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Statistics show that all over Europe the traditional family is changing and the institution of marriage is giving way to different models of coexistence, for example common law marriages. Both common law and traditional marriages bind two individuals together and Spanish law procures rights and duties for the individuals within both of these unions.

Whilst the institution of marriage in Spain is regulated by the national civil code (in its latest amendment law 13/2005 of 1 July), most regulations applying to common-law marriages are governed by laws from the autonomous regions, which can vary greatly. Nevertheless there are certain common traits among the different legislation.

Although in Spain a married couple can separate or divorce, there are no specific procedures for the break-up of a common law marriage. This can lead to fairly complicated situations, especially if there are children involved.

What is common law marriage in Spain?

Common law marriage in Spain can be defined as the freely chosen, stable union of two individuals with an emotional relation similar to that of two married people.

Of course the two individuals:

  • Cannot be married (in few regions it is sufficient to be legally separated from a previous marriage)
  • Need to have the common interest to create a family.
  • Have to be of age
  • Cannot already be in another common law marriage

How can common law marriage be proven and registered?

In order to be legally valid the union has to be registered in the Regional Common Law Marriage Registry (Registro de Uniones de Hecho) where they live.   In order to prove the stability of the relationship the couple has to prove that they have been living together for at least one complete year (in some autonomous regions this period is two years). Often the couple will have to produce rental contracts, residency certificates or an enrolment certificate on the census in the town where they live (Empadronamiento).

The registration can be supplemented by additional documents, for example notary deeds ratifying the union between the two individuals. The deeds will also include any economical agreements, both during the common life and in case of a break up, plus the responsibility regarding any children from the relationship. As an alternative to the public deeds a private contract between the parties can be also accepted.

Registration requirements for the Common Law Marriage Registry vary from region to region, but everywhere in Spain a certificate of marital status is required proving that neither party is married at the time.  This certificate is issued by the national civil registry, although if the person is foreign the document will have to be apostilled and officially translated if not in Spanish. This certificate will be valid for 3 months. Additionally the couple will have to certify that they are not blood relatives (at least at the second level).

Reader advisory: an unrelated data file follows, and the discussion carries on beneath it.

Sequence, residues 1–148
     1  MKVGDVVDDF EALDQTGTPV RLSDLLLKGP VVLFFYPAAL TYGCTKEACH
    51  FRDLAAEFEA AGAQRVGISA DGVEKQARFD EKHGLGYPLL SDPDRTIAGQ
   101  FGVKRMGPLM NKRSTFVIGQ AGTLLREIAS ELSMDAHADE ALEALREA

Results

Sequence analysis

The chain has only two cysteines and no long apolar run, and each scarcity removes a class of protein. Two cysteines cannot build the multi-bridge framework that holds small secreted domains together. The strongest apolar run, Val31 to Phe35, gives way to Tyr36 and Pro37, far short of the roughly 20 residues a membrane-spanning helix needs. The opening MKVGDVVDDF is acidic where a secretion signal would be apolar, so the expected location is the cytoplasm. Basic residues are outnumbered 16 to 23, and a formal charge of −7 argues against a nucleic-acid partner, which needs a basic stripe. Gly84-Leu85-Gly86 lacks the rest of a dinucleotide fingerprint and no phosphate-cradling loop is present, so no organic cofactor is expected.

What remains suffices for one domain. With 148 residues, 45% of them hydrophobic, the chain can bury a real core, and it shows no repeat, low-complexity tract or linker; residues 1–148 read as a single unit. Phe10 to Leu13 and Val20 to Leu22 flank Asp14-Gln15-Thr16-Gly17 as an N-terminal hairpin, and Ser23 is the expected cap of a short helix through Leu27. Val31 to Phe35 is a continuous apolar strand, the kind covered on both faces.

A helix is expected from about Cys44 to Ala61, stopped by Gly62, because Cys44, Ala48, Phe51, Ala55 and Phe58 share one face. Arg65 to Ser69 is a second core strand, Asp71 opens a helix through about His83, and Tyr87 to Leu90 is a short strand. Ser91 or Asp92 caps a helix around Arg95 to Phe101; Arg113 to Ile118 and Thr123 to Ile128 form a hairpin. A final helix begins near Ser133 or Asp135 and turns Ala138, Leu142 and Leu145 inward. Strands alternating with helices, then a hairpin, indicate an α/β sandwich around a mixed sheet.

Annulment of common law marriages

The annulment will be possible by:

  • Common agreement.
  • Death of one of the parties.
  • Effective separation for an extended period of time (the precise period depends on the region).
  • Marriage of one of the parties.
  • Unilateral wish of one of the parties (the other party will have to be officially notified).

If the union is not registered in the “Registro de Uniones de Hecho” or if there are no contracts or no deeds between the parties, the separation will be governed by the standard Spanish legal procedures.

If the union is registered in the “Registro de Uniones de Hecho” the laws regarding the common law marriages will be applicable. This will usually imply economical compensation for the party who does not have a regular income, who took care of the household etc.

If one the two parties die, the outcome depends on the region where the union is registered. For example in Andalusia the surviving party will only have right of the usufruct of the common residence for one year, while in Cataluña the surviving party could claim up to a quarter of the total inheritance (subject to various factors).

If there is an agreement (private contract or deed) between the parties regarding the separation, the measures considered in the contract will be enforced. This will also include economical agreements and agreements relating to the children from the relationship.

The importance of an agreement between the parties

In general a well-written agreement between the parties of a common law marriage can greatly reduce the financial and emotional costs of breaking up, it will enable the couple to realistically face any problem and help resolve disagreements. This is especially important when the family has children, either their own or from previous relationships, or if the couple have substantial assets.

The above are general guidelines, your Spanish lawyer will be able to assist and answer any questions regarding individual cases or on how to draft a common law marriage agreement.